If the puppy is confident and a good therapy dog candidate, the attention will not hurt him at all. It also will not hurt him for you to tell him to sit, or to tell people when they ask to pet your dog, "only if he sits." And then you sit your dog and let them pet him.

Usually with baby puppies, you want to let the pup make the overture. But again, a dog with good nerve ought to be able to handle ordinary attention from people. And they should be able to accept a correction for jumping up.

Gwenhwyfair 04-03-2014 05:45 PM

Vest with "In training" And/or "do not pet". Most folks respect the vest, the ones that didn't it slowed them down enough for me to give them a firm No. For the very reasons you describe, folks encourage bad habits and then argue about it as though you're being unkind, next puppy I will be more strict with the people, not the puppy. ;)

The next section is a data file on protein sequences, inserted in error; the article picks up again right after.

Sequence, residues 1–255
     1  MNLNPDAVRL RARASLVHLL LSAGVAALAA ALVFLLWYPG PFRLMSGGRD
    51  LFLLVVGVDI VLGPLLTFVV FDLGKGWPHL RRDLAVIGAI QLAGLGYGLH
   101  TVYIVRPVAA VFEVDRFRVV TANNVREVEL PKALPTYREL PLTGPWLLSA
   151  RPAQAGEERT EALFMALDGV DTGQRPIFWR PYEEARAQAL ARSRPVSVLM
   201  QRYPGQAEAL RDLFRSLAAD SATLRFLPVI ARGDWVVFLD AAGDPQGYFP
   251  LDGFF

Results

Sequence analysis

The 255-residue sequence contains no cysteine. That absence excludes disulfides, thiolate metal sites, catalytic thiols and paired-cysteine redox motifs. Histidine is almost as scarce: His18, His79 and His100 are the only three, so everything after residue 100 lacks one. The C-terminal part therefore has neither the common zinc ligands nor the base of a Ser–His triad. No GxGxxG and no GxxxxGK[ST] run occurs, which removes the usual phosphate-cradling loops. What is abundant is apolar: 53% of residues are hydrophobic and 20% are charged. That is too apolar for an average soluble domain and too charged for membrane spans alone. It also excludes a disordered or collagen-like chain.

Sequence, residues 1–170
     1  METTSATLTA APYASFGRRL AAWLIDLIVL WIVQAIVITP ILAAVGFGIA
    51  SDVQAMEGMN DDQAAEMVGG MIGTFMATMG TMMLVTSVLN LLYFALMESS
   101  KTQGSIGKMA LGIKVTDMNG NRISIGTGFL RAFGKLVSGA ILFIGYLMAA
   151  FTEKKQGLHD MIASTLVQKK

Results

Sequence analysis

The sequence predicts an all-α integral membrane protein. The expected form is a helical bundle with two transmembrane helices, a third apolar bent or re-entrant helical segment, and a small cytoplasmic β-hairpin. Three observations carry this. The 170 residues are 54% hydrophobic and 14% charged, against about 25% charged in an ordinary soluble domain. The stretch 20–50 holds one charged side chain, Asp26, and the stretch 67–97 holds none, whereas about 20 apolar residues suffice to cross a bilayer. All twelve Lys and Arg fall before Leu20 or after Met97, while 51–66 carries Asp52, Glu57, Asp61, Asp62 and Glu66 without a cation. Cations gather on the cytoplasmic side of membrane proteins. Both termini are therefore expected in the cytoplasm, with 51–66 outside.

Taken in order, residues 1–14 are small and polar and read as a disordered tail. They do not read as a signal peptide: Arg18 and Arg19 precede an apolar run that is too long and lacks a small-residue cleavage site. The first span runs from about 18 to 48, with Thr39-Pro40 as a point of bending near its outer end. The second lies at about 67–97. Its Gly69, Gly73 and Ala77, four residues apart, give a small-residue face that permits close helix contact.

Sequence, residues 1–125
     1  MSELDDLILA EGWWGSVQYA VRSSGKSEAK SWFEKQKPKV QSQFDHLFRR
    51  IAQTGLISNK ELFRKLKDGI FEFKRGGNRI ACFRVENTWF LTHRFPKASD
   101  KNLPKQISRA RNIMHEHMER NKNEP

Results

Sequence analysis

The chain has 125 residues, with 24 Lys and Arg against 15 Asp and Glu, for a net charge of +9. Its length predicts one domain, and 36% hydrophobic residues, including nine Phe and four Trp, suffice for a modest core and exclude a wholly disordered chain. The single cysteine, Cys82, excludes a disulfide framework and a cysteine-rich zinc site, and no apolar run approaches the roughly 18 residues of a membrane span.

Msmaria 04-03-2014 07:19 PM

I am not a trainer but what worked for me was carrying treats and having him "sit " instead of jumping up. Of course now thats hes older he could care less about people never mind jump on them.

Serbrider 04-03-2014 08:12 PM

Thanks guys. I'll see about getting/making an appropriate vest with "in training" on it, and try the "it may be cute now, but not in 4 months when she's sixty pounds" kind of thing as explanation.

I have a really hard time being rude back to people, even if they are rude to me. I am just such a peacekeeper by nature... but I don't want people to push me around nor do I want my dog picking up bad manners (which I do correct every time she starts, and put her into a sit stay... which she DOES know, but is still a bit iffy when out in public).